The 5.8 magnitude Virginia earthquake of 2011 occurred at 1:51 p.m. (EDT) Tuesday, Aug. 23, in the Central Virginia Seismic Zone, which is believed to have produced the strongest magnitude in the history of Virginia in May 1897, a 5.9 earthquake in Giles County.
The U.S. Geological Survey says the area has produced “small and moderate earthquakes since at least the 18th century.”
The last known earthquake to have originated from the zone's epicenter occurred in 1875, when effective seismographs were not invented, but the damage from the shock suggested that it had a magnitude of about 4.8, USGS said.
“The 1875 earthquake shook bricks from chimneys, broke plaster and windows, and overturned furniture at several locations,” the agency's statement said.
Another earthquake from the Central Virginia Seismic Zone that caused minor damage occurred Dec. 9, 2003, and had a magnitude 4.5.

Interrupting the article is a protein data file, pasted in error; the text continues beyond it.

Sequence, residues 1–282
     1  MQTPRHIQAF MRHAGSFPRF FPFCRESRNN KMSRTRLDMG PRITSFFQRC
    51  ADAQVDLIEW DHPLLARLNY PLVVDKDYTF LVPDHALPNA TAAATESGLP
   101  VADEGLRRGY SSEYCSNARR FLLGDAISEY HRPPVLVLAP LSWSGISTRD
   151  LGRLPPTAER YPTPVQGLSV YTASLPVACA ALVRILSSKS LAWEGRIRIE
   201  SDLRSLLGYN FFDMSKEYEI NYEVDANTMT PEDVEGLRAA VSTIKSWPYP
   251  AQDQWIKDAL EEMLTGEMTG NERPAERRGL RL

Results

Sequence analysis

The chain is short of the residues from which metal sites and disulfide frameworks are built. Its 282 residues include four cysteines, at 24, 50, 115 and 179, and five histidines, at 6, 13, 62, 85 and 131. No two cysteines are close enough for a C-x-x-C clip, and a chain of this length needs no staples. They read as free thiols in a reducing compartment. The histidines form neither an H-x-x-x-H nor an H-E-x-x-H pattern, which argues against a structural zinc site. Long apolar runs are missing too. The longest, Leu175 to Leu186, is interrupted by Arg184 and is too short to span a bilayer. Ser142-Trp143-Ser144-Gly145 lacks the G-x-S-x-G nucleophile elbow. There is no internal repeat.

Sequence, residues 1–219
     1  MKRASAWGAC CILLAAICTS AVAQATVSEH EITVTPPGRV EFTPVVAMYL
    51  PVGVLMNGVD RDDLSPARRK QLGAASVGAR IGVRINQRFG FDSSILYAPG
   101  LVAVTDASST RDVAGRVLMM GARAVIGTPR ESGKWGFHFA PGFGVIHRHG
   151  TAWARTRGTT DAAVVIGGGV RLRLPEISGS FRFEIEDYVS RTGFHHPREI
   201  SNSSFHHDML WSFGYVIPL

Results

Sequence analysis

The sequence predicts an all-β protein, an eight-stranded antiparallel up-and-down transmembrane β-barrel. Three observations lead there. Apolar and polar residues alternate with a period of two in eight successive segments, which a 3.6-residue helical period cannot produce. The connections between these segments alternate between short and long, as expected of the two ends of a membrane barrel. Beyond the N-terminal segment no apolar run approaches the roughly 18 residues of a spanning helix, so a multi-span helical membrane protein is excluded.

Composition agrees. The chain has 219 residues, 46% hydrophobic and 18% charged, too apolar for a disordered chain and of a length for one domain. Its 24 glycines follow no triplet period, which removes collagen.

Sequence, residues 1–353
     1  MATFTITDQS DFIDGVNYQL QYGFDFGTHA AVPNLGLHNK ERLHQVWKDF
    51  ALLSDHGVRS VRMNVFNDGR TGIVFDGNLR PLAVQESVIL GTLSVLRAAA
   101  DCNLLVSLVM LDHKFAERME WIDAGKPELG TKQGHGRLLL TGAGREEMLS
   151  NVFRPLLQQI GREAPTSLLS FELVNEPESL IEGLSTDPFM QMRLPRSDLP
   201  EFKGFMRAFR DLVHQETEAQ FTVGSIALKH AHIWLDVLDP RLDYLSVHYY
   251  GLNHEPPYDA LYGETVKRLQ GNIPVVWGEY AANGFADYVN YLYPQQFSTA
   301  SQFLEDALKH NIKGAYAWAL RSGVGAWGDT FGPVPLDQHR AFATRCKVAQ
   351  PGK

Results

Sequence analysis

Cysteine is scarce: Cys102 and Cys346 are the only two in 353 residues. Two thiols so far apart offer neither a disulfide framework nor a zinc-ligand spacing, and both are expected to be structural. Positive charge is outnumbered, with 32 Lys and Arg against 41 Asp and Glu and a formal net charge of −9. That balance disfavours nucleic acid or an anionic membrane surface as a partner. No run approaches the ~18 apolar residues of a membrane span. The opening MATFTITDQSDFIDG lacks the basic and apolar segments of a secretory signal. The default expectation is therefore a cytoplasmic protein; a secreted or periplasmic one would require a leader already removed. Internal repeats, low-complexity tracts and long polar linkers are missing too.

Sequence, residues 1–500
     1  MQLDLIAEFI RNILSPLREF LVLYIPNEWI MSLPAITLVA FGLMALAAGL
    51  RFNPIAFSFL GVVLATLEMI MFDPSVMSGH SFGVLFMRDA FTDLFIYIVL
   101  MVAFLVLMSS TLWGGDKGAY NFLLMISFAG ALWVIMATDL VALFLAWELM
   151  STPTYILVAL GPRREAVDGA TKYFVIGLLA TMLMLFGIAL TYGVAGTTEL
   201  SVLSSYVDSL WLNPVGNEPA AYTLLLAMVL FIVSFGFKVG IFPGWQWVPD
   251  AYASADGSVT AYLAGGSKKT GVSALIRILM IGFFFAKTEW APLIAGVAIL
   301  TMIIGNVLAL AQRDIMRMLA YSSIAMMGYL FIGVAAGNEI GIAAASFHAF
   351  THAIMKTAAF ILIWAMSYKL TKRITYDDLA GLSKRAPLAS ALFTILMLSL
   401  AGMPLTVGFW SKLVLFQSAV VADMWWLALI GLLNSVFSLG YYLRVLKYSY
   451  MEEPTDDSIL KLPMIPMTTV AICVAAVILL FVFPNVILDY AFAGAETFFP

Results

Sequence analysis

Though Virginia earthquakes rarely have caused injury, tremors can be felt over a wide region.
“East of the Rockies, an earthquake can be felt over an area as much as 10 times larger than a similar magnitude earthquake on the West Coast,” USGS stated.
Here are a few maps that explain the earthquake, its locations, shocks that were felt across eastern U.S., damages it caused and more.
According to the USGS PAGER (Prompt Assessment of Global Earthquakes for Response) system that provides shaking, fatality and economic loss impact estimates following significant earthquakes worldwide, the shaking alert level for the Virginia earthquake is orange, which accounts for economic losses only. Significant damage is likely and the disaster is potentially widespread. Estimated economic losses are less than 1% of GDP of the United States.